What’s the Big Deal About Overpricing?

imagesWhat’s the Big Deal About Overpricing?

 

We’ve been seeing a lot of sellers coming on the market overpriced, ignoring comparable sales and the professional consultation of the experts they are hiring.

 

The Dangers of Overpricing: In order to compete, over 10% of the active inventory reduces their asking price each week. Please ignore reports about the rise in the median sales price!!! Ugh!!! These reports are just confusing sellers and luring them into thinking that values are unstoppable and are galloping upward. However, they are referring to year over year gains and NOT month to month gains. Year over year means that they are comparing today’s values to prices that date back to 365 days ago. It is important to point out that prices were still rising fast in June 2013. That’s just not the case today.

 

Today there are 7,363 homes on the market. Last year there were 4,423, nearly 3,000 fewer. Demand, the number of new pending sales in the prior month, is at 2,753 today compared to 3,154 last year, 13% fewer. Put those numbers together and the market is completely different and so is the approach that seller need to take in order to be successful.

 

It is worth repeating over and over again; sellers can no longer get away with overpricing. In 2012 and the first three quarters of 2013, sellers overpriced their home and miraculously still obtained multiple offers and fetched values over their inflated asking prices. There is a very simple explanation for why this occurred. Even though prices were much higher than the most recent comparable sales, they were still perceived to be great deals. With very few homes on the market, buyers were willing to pay extra to get into a home that was affordable, so appreciation was rampant. Let’s flash forward to today: prices are much higher, there are a lot more homes on the market, and because affordability is becoming a much larger factor, buyers want to pay close to a property’s Fair Market Value. As a result, price appreciation has slowed to a crawl.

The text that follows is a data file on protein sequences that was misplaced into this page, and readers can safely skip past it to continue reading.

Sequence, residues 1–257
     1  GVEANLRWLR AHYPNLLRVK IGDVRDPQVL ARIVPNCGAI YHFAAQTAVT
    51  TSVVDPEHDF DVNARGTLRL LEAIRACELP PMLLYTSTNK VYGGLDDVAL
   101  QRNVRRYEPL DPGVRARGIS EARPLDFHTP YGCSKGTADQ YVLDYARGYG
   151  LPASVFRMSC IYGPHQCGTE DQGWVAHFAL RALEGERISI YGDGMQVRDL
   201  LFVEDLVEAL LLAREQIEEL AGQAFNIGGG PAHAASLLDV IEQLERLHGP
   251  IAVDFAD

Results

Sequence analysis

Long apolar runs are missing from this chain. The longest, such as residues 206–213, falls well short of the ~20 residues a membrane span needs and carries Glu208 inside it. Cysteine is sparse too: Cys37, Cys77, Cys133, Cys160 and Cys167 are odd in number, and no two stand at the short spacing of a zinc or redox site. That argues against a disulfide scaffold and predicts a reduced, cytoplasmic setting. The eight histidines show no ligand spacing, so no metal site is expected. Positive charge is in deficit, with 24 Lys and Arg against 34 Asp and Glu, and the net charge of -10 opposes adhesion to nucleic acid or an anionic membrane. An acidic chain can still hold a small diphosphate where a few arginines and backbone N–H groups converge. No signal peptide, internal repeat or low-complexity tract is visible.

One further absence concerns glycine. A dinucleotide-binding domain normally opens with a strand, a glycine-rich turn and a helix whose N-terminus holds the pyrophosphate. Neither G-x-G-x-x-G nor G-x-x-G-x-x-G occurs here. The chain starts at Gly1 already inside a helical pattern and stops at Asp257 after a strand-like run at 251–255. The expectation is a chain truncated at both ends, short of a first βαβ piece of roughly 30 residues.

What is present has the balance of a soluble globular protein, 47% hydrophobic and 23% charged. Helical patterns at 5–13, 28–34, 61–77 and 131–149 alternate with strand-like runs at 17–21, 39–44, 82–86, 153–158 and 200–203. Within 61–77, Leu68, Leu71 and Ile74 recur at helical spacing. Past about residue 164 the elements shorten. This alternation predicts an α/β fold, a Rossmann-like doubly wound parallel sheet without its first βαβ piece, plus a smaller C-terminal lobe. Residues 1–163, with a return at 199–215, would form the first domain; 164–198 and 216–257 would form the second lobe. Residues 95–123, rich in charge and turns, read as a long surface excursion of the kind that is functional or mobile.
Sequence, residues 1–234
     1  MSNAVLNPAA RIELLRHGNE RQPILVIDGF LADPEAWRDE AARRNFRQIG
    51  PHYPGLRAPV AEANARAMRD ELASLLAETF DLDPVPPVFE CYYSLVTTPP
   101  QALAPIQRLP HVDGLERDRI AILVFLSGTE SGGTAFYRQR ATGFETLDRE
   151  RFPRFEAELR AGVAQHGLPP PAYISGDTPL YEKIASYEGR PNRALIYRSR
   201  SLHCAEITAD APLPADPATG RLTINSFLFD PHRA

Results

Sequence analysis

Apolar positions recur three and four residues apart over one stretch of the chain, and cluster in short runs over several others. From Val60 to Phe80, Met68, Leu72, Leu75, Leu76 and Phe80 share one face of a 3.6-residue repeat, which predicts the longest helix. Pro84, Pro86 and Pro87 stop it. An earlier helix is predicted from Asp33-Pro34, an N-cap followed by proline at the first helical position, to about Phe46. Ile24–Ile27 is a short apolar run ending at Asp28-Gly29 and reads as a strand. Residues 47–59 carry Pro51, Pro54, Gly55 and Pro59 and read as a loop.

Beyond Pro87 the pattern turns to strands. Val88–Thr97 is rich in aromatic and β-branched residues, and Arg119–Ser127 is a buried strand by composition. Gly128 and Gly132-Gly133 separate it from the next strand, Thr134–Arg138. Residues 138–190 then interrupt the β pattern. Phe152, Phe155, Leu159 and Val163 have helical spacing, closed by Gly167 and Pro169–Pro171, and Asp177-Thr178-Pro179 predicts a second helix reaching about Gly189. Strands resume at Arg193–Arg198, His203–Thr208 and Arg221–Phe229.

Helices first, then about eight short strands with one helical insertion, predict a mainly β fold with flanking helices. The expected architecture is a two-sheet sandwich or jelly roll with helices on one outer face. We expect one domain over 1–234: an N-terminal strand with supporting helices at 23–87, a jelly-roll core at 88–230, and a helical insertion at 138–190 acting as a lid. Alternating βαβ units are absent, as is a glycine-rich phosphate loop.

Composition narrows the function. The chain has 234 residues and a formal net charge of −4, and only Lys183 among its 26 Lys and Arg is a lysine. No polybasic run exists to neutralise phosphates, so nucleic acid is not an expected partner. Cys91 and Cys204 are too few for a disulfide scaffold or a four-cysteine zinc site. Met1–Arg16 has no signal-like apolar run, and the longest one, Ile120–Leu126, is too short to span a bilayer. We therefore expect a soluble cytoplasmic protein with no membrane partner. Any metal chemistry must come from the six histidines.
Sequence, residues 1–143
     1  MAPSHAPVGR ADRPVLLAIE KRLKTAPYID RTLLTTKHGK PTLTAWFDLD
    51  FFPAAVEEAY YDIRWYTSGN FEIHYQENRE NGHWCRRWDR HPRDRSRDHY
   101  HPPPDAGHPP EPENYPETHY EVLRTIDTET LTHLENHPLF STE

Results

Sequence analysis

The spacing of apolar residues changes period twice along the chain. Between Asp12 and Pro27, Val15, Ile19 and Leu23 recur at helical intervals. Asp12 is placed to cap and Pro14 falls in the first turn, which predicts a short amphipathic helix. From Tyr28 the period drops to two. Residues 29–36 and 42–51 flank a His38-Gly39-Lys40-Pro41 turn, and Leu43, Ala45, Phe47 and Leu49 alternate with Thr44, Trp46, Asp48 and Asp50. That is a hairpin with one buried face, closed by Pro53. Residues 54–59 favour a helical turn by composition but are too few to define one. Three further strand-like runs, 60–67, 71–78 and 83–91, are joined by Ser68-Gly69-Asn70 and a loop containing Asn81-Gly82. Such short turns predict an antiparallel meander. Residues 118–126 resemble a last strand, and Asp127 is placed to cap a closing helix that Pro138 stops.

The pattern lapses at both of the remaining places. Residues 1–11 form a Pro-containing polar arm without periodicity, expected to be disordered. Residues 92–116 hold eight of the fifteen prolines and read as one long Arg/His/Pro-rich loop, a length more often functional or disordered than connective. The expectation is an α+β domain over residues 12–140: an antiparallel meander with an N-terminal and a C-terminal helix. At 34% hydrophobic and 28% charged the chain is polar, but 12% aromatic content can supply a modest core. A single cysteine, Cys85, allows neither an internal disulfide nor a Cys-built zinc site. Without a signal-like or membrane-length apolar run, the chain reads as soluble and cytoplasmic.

No marketing genius can overcome the hurdle of unrealistic pricing.

 

Overpriced sellers have to ultimately decide on one of two options: (1) reduce the asking price to a realistic level, or (2) pull the home off the market. In reducing the asking price, don’t just go half way, leaving room to negotiate. This is a silly tactic that results in rationalizing keeping a home overpriced. Remember, an accurately priced home in a seller’s market like today will procure a lot of activity with a high likelihood of multiple offers.

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